A brief update, nothing too major. Nothing to see here folks, move along, move along….
I’ve got the breadboard ends fitted onto the side table slab, and after trimming the ‘horns’ off the breadboard ends, cleaned the end surface up with a handplane:
With grain going in every which direction, it is helpful to be able to plane both directions without tearout, and a 60˚ plane makes that more readily possible:
The joint for these breadboard ends is similar to the ones on the coffee table in that there are twin tongue and grooves incorporated:
The main difference is that this side table top has single central tenons instead of the triple tenons as seen on the coffee table. The central dado and tongue portions are held back about 0.01″ so as to ensure that the visble abutments on the table surface come together tightly.
Here’s the side table top through this stage:
A did some cross-cutting of various parts to get them to length, nothing worth taking pictures of.
I then decided to do a rip cut on a $400 (gulp!) stick of Gabon ebony, which will be used as stock for the double hammerhead locking keys at the table corners on both pieces.
On stuff like this, such an expensive and hard-to-replace bit of wood, cutting needs to be thought about carefully. Certainly not a blasé cut, joint and plane session. If the wood moved too much, or the cut line followed the grain in an unfortunate manner, I would be looking at going shopping for another piece of material.
I needed to rip the stick in half, and judged it would just yield a couple of 7/8″ (0.875″) sticks if split right down the middle. I would need all that to allow for any movement, hoping to clean up so as to leave stock a hair over 3/4″. I marked the cut lines, adjusted the fence on the smaller bandsaw, and started the cut. I saw I was a hair off my line, so I tweaked the fence and, somewhat holding my breath, ripped down the length:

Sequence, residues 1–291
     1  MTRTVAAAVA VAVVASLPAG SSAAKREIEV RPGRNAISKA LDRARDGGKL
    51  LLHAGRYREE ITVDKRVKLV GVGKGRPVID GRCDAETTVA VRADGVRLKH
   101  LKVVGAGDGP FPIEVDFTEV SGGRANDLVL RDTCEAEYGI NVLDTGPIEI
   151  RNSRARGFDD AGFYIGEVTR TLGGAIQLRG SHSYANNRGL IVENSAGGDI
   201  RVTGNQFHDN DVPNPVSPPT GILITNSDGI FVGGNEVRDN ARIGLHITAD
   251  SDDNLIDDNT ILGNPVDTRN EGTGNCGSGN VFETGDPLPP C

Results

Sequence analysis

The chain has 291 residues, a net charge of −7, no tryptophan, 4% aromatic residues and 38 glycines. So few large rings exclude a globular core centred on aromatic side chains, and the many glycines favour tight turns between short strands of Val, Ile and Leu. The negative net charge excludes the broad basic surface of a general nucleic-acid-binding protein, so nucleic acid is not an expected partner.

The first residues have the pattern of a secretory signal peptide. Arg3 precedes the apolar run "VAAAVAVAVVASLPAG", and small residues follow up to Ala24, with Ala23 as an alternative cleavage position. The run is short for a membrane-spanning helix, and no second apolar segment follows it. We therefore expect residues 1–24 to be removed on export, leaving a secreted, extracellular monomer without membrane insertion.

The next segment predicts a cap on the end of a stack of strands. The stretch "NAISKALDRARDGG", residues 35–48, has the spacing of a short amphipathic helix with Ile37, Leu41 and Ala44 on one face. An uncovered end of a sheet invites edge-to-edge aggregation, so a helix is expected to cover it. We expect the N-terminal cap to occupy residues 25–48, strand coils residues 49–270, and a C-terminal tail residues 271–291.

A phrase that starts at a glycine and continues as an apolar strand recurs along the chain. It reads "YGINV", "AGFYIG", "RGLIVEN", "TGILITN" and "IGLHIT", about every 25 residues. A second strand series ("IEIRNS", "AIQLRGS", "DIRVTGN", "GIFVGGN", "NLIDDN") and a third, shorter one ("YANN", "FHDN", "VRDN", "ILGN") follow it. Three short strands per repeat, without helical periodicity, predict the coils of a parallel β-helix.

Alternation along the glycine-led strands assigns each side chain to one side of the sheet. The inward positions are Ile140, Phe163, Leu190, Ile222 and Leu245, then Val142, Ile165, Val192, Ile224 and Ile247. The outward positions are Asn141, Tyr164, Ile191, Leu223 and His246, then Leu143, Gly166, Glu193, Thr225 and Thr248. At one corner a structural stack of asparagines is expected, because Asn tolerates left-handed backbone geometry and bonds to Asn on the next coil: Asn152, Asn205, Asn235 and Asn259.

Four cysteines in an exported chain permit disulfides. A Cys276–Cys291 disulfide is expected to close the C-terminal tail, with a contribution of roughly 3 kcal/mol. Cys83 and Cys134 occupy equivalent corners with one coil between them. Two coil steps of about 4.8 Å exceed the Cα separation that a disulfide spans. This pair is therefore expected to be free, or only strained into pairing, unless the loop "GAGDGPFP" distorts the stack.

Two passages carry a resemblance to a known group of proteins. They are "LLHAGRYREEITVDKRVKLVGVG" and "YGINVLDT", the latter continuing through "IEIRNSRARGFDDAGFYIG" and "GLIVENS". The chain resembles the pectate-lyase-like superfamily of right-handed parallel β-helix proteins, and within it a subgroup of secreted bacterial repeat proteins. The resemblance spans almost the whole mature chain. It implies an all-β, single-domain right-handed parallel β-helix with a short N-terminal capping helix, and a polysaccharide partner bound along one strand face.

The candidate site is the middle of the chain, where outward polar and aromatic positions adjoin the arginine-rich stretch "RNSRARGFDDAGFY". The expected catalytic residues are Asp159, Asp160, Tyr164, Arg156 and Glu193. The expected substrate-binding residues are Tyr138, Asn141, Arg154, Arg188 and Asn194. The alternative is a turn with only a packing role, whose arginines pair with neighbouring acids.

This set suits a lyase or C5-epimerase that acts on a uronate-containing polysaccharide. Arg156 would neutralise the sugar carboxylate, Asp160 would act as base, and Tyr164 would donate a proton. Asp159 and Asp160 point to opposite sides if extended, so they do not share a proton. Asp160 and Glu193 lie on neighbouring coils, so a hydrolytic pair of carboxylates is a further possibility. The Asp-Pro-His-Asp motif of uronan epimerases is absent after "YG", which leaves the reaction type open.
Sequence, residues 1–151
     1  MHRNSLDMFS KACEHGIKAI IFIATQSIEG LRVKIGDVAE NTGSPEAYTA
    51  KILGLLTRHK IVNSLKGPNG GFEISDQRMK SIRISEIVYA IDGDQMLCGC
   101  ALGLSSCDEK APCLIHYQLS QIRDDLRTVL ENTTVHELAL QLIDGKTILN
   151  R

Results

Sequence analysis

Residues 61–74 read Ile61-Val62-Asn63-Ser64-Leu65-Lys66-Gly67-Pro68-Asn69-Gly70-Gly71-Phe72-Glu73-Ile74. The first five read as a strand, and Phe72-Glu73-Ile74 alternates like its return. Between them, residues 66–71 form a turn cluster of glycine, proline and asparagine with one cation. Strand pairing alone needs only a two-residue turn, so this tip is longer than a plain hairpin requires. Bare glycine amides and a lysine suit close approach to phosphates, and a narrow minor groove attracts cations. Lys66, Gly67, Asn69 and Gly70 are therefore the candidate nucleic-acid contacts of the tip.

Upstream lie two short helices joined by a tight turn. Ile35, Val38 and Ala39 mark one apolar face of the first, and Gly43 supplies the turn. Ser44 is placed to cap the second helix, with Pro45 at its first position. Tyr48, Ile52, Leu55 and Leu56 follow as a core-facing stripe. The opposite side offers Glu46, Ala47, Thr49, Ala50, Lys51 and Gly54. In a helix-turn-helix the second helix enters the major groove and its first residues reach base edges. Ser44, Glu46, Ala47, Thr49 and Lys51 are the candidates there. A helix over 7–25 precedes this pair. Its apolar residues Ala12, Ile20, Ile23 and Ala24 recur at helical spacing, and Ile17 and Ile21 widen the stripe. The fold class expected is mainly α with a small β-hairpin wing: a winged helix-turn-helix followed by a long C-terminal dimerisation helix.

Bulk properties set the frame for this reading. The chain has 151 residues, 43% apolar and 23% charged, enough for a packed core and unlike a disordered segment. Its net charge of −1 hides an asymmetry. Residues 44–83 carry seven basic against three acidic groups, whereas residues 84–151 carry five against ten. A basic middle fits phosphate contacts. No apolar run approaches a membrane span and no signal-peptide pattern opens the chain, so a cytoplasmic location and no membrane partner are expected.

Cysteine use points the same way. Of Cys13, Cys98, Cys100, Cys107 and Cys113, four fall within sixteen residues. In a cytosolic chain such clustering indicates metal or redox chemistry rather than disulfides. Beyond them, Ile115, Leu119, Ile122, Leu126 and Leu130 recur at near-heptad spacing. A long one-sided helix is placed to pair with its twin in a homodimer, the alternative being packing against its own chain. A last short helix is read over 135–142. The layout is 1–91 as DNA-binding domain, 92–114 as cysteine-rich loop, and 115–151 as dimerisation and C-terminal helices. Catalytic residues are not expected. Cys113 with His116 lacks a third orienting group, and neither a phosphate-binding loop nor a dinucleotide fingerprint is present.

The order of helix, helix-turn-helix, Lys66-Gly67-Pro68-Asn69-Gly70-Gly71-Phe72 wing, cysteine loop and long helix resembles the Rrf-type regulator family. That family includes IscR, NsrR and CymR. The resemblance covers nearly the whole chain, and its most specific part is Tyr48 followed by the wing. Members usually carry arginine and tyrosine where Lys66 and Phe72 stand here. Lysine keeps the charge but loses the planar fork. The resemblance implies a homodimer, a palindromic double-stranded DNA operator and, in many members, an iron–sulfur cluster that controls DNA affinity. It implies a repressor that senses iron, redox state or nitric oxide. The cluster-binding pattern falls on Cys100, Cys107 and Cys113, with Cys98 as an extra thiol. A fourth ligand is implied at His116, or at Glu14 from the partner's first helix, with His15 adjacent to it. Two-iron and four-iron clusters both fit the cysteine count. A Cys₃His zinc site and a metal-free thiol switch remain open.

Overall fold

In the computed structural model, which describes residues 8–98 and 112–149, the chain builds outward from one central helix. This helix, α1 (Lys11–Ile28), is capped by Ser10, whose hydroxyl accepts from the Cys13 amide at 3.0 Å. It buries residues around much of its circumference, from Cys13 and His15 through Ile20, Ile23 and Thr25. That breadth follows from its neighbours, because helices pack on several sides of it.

Ebony dust is funny – it doesn’t hang in the air but drops straight to the ground and cannot be easily brushed off your skin but you actually need to wash off to get clean.
After the rip, the sticks had bowed slightly, but definitely within reasonable expectation:
The cut quality, with just the regular 10mm Hitachi general purpose blade, was very good I thought:
I like that bandsaw!
Out of curiosity, I checked to see how closely I had managed to split that line. First one board:
And then the other:
Gee, I guess even a broken clock can be right twice a day. Lucky! I’ll take it when I can get it.
I’ll cross cut each of those sticks before jointing flat and dimensioning. It looks like I’ll get enough out of that stick to do all the keys and probably any other mechanical fastening parts, pegs, wedges, etc.
A slight change has been made to the side table design. I realized that with a drawer and dust panel fitted, the space under the table top would catch dust and be tough to clean so I thought it wise to add some blocking strips in the spaces between the pillow blocks, what the Japanese would call mendo-ita. In the initial sketch I made these blocking pieces a contrasting color, though this is by no means decided yet:
In the above photo the legs are shorter than they will be in the actual piece. Besides the contrasting approach, I could use more VG bubinga, or some other wood perhaps(?). The drawer will have a handle fitted, and this is likely to be blackened iron or something like that, and the keys are already black, so…. I’ll figure it out.
All for now, thanks for your visit! On to post 15.